Sylvia Cassedy Quotes
“I love the name Maggie, he went on, and she glanced up at him suspiciously-nobody loved the name Maggie-but his face was serious. It makes your teeth feel good to say it. Maggie, Maggie, Maggie. It feels like eating peanuts. Try it, and he paused, waiting for her to recite her name aloud.
She turned away, but she did try it anyway, to herself, and she felt a surprising tingle around her upper molars.”
- Date of birth: January 29, 1930
- Died: April 06, 1989
- Born: in New York, The United States.
- Description: An American author of picture books, poetry, and fiction, the Brooklyn-born creative-writing teacher began her career with a few minor picture books, such as Little Chameleon (1966), but is best known today for her poetry and novels. Roomrimes (1987) and the posthumously published Zoomrimes: Poems about Things That Go (1993) were praised for their perceptiveness, humor, and unusual variety of poetic forms.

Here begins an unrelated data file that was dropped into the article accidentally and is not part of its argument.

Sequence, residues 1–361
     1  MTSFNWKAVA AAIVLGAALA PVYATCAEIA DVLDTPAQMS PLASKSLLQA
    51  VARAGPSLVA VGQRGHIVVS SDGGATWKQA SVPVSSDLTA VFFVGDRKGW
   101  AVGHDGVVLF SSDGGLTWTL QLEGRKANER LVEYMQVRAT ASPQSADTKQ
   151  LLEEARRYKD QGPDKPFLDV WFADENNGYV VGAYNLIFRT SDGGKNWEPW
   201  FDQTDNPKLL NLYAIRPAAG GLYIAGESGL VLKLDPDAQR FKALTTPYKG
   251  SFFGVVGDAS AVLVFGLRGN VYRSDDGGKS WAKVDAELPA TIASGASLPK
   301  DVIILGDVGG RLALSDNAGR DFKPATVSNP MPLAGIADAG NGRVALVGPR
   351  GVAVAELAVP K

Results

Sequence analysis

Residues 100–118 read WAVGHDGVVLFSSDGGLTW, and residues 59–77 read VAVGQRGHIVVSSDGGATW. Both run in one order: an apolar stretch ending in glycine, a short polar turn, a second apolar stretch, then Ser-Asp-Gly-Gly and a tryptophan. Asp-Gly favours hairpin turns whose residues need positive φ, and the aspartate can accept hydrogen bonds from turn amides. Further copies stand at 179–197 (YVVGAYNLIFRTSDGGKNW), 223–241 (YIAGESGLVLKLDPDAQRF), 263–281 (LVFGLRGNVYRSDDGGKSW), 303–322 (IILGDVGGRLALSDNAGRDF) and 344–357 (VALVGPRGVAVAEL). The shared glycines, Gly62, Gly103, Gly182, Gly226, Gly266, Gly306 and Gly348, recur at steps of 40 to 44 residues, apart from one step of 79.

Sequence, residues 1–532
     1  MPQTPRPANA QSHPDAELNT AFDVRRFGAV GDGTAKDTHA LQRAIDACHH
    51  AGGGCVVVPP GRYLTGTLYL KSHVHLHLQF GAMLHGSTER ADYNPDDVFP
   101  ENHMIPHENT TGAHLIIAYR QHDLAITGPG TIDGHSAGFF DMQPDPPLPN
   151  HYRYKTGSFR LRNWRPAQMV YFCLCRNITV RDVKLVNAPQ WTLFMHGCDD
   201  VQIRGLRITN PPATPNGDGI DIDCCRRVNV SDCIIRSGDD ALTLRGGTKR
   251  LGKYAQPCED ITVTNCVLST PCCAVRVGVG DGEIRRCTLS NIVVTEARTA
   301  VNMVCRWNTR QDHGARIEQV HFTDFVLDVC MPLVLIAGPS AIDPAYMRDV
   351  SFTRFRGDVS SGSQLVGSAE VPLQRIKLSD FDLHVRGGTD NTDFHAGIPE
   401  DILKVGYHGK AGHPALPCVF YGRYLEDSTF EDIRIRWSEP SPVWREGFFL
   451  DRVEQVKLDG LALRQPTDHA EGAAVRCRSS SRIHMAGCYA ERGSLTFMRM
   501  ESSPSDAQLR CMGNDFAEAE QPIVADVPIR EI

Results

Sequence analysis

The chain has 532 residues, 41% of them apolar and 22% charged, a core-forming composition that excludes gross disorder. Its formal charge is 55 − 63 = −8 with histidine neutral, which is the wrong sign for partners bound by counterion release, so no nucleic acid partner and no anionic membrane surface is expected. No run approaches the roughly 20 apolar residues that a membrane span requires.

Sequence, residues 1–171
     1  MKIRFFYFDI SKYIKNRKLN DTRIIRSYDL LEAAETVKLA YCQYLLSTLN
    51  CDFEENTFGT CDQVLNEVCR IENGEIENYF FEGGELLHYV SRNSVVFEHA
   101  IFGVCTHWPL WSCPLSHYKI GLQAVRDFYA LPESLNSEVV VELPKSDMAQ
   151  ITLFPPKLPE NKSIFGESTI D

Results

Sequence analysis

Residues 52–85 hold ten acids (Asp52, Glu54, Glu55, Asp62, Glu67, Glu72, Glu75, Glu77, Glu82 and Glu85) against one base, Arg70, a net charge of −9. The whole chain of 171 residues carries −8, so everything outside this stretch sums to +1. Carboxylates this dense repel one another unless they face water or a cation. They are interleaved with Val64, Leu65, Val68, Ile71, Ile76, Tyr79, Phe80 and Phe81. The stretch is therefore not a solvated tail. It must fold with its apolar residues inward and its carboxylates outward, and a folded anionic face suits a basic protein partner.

Cassedy's three novels, Behind the Attic Wall (1983), M.E. and Morton (1987), and Lucie Babbidge's House (1989) are all intricate, leisurely paced novels about troubled or difficult protagonists who gain self-esteem through the intervention of possibly magical characters.
The author's incisive characterizations, carefully wrought prose, and ambiguous endings made her a critics’ favorite.
Cassedy's early death cut short an extraordinary writing career that had yet to peak, and fans can only wonder about—and mourn the loss of—the novels that were yet to be.